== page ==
Further Reading

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A Joke

When Karl Marx arrived at the Pearly Gates, St Peter had a problem: Marx was listed in the Big Book. St Peter gave God a quick call to explain that Marx had turned up and what he should do about it.

”Marx!” said God “How did he get on the list. He’s been bad-mouthing me for years. 'Opium of the masses’ indeed! Give Old Nick down below a call and see if he’ll take him, he owes me a favour or two.”

St Peter dutifully rang Satan. ”Yeah, go on, we’ll take him.” replied Satan ”Don't know how he didn’t get sent here in the first place given all the trouble he’s caused.”

So Marx was sent to Hell.

Two weeks later, Satan rang God. ”See that Marx, its really not working out. All the demons are out on strike, there’s protests and demonstrations everyday with Marx keep urging people to cast off their chains. He’s causing absolute chaos. He was on your list so you need to take him back.”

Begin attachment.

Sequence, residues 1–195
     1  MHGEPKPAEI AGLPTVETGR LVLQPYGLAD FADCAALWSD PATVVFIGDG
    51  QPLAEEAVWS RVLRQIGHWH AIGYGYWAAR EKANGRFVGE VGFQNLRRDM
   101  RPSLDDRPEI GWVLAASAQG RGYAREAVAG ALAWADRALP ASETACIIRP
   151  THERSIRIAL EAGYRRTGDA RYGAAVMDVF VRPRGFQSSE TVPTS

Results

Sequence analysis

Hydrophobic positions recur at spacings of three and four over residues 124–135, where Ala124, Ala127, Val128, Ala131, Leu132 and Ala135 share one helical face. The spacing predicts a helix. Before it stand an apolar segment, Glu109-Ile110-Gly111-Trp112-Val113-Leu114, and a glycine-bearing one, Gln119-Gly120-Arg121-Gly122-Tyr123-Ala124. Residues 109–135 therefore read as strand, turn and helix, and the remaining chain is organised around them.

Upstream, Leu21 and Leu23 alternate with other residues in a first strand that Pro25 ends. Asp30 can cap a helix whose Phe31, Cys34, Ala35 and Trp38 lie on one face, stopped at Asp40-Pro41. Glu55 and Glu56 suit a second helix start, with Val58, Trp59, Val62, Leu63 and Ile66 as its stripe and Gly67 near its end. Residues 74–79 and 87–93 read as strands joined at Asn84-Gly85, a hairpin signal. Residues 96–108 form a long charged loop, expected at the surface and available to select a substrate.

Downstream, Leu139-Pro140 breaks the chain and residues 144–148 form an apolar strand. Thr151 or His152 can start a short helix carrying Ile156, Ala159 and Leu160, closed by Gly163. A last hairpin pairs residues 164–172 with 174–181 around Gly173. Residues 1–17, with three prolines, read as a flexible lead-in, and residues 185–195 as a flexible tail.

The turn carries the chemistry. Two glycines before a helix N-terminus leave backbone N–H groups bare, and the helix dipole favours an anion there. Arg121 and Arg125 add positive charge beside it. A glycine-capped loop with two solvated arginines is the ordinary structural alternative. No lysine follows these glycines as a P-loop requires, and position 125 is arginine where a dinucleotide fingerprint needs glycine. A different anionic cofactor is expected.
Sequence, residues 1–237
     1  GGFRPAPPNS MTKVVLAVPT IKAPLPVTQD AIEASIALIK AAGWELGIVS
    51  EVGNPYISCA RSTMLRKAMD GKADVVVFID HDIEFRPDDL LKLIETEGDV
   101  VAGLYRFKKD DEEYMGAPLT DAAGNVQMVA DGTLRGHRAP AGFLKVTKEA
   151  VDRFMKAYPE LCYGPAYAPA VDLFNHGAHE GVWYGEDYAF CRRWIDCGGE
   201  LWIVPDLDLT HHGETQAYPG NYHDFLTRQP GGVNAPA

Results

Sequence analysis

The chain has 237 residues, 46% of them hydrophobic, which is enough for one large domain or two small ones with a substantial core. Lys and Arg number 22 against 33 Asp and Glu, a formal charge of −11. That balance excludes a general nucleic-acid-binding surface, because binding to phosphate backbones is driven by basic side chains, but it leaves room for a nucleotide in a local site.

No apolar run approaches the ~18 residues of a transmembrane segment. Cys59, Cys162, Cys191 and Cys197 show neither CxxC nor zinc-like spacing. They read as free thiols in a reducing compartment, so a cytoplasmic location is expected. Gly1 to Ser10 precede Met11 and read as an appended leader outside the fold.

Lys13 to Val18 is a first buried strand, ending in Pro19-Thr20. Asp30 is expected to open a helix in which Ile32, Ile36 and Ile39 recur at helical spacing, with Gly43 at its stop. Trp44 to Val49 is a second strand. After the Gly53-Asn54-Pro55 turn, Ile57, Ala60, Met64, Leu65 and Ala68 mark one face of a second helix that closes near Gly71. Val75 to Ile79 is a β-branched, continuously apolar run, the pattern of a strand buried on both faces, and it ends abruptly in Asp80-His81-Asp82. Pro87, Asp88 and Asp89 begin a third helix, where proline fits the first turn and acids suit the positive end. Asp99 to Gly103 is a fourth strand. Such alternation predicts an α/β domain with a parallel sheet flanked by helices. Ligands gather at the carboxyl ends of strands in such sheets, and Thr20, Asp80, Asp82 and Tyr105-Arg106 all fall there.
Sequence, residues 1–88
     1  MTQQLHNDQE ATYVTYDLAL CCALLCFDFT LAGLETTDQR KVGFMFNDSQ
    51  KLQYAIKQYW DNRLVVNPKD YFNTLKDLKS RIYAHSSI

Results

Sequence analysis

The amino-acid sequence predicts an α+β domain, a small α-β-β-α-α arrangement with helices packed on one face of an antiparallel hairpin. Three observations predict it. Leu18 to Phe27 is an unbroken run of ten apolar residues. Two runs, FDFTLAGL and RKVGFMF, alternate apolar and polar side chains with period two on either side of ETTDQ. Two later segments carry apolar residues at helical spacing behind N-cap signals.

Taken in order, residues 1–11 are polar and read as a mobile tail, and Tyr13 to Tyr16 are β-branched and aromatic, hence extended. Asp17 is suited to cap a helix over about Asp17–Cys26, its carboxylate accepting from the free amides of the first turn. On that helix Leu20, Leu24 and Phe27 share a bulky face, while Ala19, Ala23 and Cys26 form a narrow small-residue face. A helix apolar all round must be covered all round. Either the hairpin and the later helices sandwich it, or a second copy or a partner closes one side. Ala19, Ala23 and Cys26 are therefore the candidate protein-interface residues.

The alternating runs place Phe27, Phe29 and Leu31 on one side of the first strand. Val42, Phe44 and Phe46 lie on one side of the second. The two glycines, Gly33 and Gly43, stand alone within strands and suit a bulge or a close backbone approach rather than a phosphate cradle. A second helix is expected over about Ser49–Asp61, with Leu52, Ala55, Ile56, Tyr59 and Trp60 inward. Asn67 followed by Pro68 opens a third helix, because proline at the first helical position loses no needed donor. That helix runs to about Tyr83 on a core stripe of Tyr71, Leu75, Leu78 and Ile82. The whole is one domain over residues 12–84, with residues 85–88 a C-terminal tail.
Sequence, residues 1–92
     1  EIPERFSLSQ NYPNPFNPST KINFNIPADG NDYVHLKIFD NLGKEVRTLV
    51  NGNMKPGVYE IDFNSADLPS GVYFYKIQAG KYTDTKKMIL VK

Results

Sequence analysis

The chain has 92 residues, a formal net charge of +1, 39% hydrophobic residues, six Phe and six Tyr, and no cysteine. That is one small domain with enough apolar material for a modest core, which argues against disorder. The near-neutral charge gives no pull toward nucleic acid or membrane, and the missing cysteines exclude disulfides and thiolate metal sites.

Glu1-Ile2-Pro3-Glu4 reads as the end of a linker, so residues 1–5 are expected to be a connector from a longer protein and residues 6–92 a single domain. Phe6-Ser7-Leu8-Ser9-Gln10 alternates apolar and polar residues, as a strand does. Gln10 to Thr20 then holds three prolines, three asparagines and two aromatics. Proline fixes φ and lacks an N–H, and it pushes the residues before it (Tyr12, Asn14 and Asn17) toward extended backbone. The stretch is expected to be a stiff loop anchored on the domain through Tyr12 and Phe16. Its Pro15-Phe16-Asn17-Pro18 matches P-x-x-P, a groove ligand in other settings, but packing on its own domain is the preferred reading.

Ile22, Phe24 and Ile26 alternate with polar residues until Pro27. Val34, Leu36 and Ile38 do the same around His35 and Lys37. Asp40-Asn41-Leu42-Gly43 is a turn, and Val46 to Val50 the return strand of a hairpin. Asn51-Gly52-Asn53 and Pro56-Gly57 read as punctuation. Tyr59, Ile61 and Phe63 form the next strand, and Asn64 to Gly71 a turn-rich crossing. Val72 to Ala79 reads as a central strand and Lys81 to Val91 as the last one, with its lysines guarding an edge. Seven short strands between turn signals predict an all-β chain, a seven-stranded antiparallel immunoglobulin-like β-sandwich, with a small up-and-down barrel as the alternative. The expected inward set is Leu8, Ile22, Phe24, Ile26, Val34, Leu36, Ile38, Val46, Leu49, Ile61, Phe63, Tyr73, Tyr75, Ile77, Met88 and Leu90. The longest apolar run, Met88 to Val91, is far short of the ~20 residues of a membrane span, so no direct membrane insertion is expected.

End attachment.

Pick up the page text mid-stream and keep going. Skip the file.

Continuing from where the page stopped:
Eventually God reluctantly agreed that Marx could be admitted to Heaven after all.

After a couple of weeks went by and Satan rang God to see whether everything was working out, but an angel answered the phone. “Hey, Gabriel”, said Satan “can I speak to your boss?”

”Boss?” said the angel

”Yeah, you know, God” said Satan, impatiently

“Oh, him! Ah, no, not any more”, replied Gabriel “No bosses here, we’re all comrades now!”